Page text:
By the way, in our Animal Theatre museum project we planned to use audio, video and kinetic effects, computer control over these effects and light, a complex system of cabling in the halls and other innovations. The Museum of Komsomol project was carried out, but our most favourite Durov theatre project was not. The era of free speech, perestroika and self-accounting began. We continued our exhibitions with painting and graphics in various places. For an artist, it is very important to have the public’s attention.

– In 1991 you had an exhibition in Denmark. Going abroad was a big deal back then, and taking your works abroad was a great achievement. You had other exhibitions in Denmark later. Could you tell about them?
– At the very end of the 80s Izmailovsky Park became an iconic place. Very decent paintings could sometimes be bought there. We went there every weekend, as if it was our work. Pictures were selling. Not all, of course, so little by little an “exhibition bank” stocked up at home. Taking part in exhibitions became easier, vystavcoms somehow faded away. A group of different, but very ambitious artists formed absolutely by itself. An idea was born to make a joint exhibition with Danish partners, first in Moscow, then in Copenhagen. The project was called “Parallel 56” (both cities are on the same parallel) and preparations began. We helped each other wherever we could: some of us arranged the hall, others answered the correspondence and translated it, created posters and catalogue, the Danes got state financing for the project…
And in May we opened in a luxurious hall on the second floor of the CHA, and in July in the very centre of Copenhagen in Heligands Huset. After the first exhibition our group was offered another one, then another one…
At one of the exhibitions at the end of 1991 I earned my first 2000$ and bought my computer – an x386 processor, 2 megabytes of memory, 80 megabytes hard drive. Kind of like a modern cell phone. But it was quite enough to start learning Illustrator and Photoshop. Applied graphic art put pure art into second place.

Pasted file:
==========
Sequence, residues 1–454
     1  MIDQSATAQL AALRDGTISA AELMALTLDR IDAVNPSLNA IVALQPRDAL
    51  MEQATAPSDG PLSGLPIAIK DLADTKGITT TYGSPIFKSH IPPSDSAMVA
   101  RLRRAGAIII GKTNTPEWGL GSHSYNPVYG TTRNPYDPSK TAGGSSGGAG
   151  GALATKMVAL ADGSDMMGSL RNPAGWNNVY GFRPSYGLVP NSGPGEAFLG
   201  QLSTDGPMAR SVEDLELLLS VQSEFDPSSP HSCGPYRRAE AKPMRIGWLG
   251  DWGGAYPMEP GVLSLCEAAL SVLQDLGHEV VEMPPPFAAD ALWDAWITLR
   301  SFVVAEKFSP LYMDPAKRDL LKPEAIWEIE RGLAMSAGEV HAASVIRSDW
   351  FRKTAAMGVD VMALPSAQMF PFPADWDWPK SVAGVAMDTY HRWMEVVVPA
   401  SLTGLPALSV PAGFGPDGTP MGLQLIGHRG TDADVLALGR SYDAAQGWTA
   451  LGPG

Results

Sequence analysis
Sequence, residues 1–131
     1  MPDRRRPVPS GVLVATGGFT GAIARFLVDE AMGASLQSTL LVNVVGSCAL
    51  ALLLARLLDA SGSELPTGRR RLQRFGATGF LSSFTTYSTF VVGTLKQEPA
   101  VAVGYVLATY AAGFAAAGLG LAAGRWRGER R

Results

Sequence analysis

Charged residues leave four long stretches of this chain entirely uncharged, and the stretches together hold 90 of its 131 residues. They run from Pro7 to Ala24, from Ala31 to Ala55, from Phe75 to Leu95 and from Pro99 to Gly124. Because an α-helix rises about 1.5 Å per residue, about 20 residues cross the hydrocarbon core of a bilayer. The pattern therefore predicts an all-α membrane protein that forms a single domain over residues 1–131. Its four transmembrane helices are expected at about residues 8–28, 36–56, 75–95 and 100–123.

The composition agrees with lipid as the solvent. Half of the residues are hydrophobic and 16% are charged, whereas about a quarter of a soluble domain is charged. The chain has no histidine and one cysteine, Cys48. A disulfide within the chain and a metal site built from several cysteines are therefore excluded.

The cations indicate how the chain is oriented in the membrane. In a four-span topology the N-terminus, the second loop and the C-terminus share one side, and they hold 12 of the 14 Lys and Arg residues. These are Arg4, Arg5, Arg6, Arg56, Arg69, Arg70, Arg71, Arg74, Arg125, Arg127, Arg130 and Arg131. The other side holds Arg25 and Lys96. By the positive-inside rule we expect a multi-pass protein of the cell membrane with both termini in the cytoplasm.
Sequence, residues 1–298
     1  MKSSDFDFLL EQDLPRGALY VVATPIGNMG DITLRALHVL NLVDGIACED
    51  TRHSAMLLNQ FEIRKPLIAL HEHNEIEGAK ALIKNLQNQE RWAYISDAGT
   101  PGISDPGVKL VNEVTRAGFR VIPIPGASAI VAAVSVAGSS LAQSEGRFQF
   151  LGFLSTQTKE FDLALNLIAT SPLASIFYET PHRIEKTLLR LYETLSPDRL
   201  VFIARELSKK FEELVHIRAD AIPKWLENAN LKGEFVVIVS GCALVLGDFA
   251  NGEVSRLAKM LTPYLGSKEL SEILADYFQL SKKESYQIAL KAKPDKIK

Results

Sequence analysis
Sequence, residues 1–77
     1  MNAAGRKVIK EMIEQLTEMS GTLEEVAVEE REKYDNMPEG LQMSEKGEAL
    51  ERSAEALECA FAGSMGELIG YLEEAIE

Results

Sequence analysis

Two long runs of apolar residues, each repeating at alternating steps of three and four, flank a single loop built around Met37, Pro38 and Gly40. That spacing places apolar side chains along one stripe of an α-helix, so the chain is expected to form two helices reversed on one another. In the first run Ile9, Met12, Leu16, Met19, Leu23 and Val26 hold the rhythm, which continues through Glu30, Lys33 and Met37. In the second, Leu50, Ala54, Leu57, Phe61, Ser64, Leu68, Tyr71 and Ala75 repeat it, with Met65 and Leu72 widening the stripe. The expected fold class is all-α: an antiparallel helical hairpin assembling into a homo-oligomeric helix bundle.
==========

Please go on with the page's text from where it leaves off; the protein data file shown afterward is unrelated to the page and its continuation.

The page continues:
– You started working with advertisements in 1979 – what kind of advertisements were there during the Soviet regime?
– Well, those were not quite advertisements. After allocation I was to work in a postbox, but I hated the idea of tracing (my first profession is a technician-mechanic) and I applied for the job of an artist, which was luckily vacant. I was lucky, I was going to enter an Art College anyway, and this was the right job. Our mailbox was a construction design institute and I had to do loads of typography: booklets, posters, leaflets, banks, plackards, holiday and election banners, congratulatory addresses… All had to be done manually, with quill, brush, via a template. That is when I learned all techniques from aerography to gluing text out of font photobanks. Now it seems funny, with modern computers and their abilities.

– You worked in “Commersant” for five years, what experience did you get? In the early 90s it was the strongest school of advertising in the country.
– Got lucky again. The end of 1991. A friend asked me to help him make an advertisement and brought me into the advertising department of Dusia Habarova. There was free time between exhibitions anyway, so I decided to make some money. They already worked on Macs in “Commersant” at that time. I am proud that I started on Mac Classic with a nine inch monochrome screen.
We made one ad together, then another one, and then it just happened  - they offered me a job. The department became one of the first advertising agencies in Russia, called “Znak”. Things happened quickly those days: first a weekly edition, then the daily A2 newspaper “Domovoi”, “Autopilot”, a weekly magazine… And the ads in them were 90% made by us. We numbered 3000 A4 pages per month at the end of 1994. And in half of all cases we did everything from idea to its implementation, from slogan to films. Very often asap, in a day or two. It cannot be called an education, but it was a unique practical training, that’s for sure. By the way, graduates from MIPT, the faculty of physics of MSU, MSUPA, MIA, MAAS, Stroganov University, MICE, SARTU and many other respected institutions. We learned from each other. My first publishing projects started there.